Bassmaster founder Ray Scott dies
MONTGOMERY, Ala. (WSFA) - Bassmaster has announced the death of its founder, Ray Scott.
Bassmaster says Scott died peacefully in his sleep from natural causes Sunday night. He was 88 years old.
Scott founded the first national professional bass fishing circuit in 1967. The following year he founded the Bass Anglers Sportsman Society, or B.A.S.S., which would become the world’s largest fishing group.
A historic marker honoring B.A.S.S. was erected in 2016.
“Our entire organization was saddened to hear about the passing of our founder, Ray Scott,” said B.A.S.S. CEO Chase Anderson. “Ray’s passion and vision for bass fishing birthed our entire industry more than 50 years ago when he founded B.A.S.S. and started the first professional fishing tournament series. His legacy is felt to this day and continues to influence B.A.S.S., the world’s largest fishing membership organization. Ray’s contributions and impact on conservation and his advocacy and passion for anglers and our sport set the standard for tournament fishing and are something we will always strive to uphold. Our hearts and prayers are with the Scott family.”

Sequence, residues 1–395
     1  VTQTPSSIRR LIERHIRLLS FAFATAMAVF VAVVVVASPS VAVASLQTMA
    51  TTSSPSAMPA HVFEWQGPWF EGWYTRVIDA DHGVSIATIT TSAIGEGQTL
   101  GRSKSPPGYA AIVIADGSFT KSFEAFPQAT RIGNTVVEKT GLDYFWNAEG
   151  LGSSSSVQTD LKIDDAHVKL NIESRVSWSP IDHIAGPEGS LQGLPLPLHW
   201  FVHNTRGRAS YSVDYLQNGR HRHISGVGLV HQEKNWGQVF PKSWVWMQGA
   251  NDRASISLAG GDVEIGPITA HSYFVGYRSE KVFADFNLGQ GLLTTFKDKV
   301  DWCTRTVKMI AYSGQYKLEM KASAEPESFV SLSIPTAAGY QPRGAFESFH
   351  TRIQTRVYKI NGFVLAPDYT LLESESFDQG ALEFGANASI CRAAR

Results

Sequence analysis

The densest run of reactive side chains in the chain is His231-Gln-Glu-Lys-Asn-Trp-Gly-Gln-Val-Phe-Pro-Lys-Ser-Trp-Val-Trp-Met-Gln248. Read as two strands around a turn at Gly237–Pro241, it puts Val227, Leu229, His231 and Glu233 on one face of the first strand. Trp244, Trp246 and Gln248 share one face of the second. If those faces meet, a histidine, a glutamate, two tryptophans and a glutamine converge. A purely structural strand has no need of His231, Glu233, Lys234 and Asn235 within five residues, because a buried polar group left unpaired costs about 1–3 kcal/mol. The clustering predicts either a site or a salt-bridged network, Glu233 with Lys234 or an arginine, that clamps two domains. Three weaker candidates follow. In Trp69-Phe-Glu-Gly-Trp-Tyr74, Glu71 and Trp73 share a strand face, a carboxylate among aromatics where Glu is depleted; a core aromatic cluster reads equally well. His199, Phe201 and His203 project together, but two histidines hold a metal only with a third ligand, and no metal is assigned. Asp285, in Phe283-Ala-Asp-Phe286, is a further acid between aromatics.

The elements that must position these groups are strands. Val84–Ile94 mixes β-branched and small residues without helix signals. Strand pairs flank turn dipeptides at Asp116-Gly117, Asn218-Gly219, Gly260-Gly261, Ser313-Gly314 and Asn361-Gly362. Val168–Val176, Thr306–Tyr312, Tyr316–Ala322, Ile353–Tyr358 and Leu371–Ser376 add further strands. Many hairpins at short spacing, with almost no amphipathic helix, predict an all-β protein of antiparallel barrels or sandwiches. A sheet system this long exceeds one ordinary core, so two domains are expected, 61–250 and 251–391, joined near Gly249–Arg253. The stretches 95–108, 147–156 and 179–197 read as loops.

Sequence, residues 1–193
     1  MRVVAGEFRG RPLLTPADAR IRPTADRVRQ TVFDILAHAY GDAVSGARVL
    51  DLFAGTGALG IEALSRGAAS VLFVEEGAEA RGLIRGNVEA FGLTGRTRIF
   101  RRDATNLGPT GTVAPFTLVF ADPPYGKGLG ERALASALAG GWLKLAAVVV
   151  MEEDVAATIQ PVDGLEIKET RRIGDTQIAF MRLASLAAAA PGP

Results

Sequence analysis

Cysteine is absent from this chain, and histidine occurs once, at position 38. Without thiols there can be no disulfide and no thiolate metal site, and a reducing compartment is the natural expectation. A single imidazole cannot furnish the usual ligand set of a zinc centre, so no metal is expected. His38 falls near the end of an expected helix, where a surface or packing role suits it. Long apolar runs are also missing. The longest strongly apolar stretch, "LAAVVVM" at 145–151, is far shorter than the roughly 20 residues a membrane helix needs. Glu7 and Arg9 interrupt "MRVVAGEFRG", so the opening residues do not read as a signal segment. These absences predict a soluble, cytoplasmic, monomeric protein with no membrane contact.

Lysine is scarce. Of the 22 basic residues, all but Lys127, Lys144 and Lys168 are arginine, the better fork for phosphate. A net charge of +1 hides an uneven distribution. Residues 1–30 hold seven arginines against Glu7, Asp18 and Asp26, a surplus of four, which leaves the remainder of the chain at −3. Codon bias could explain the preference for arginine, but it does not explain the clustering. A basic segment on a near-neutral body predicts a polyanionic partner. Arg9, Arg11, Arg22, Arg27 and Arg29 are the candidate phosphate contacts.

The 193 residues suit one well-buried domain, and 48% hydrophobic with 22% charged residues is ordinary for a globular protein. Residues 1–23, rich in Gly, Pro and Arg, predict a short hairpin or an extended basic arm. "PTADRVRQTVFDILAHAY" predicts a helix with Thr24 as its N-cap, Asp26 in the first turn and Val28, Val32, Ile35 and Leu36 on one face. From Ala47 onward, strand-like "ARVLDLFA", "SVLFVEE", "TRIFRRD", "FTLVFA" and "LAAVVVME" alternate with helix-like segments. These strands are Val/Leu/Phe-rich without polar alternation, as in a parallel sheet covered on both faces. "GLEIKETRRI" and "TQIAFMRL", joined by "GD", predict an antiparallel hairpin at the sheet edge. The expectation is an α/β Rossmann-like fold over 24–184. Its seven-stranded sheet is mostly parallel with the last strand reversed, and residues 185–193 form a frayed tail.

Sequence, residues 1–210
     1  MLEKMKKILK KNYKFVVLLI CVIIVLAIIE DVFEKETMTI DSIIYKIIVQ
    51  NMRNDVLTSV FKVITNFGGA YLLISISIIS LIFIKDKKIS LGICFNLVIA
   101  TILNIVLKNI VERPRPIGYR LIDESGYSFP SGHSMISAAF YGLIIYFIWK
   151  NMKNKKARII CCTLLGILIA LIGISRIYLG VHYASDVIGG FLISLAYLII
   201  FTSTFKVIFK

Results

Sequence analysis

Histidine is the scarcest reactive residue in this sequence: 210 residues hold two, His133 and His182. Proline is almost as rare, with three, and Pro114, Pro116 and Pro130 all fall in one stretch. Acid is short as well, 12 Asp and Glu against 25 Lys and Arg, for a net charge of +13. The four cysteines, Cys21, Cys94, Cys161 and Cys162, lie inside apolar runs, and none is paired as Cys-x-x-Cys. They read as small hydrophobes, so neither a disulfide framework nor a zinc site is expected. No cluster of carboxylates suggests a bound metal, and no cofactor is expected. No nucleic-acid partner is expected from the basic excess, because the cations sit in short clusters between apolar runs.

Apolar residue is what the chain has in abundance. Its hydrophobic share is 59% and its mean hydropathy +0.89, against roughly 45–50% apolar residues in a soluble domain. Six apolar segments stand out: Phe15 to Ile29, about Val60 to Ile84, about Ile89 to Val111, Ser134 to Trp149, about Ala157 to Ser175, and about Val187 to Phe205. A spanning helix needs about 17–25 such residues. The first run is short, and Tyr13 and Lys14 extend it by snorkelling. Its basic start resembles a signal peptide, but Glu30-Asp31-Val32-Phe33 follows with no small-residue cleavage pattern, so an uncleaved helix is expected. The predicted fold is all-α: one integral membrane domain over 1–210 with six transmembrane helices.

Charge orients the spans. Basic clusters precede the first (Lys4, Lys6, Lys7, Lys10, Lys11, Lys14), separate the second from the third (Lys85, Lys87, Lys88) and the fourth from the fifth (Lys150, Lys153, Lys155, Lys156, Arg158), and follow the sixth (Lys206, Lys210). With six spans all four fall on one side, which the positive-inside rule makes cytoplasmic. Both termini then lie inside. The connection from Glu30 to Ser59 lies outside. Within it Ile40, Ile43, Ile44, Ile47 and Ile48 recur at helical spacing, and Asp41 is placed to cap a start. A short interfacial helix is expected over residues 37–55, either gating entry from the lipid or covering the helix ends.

Scott was also a strong proponent for preservation. In 1972, he debuted a catch-and-release campaign and mandated that all tournament competitors’ boats feature an aerated livewell to keep their bass alive.
He was also an early advocate of bass fisheries research.
Former President Jimmy Carter appointed Scott to the U.S. Coast Guard’s National Boating Safety Advisory Council.
He was inducted into the Bass Fishing Hall of Fame in 2001.
In 2002, he was inducted into the National Boating Safety Hall of Fame. This was among numerous accolades and honors Scott earned throughout his career.
Scott had a close friendship with former President George H. W. Bush. The late president and first lady Barbara Bush would come to Pintlala to fish and attend church.
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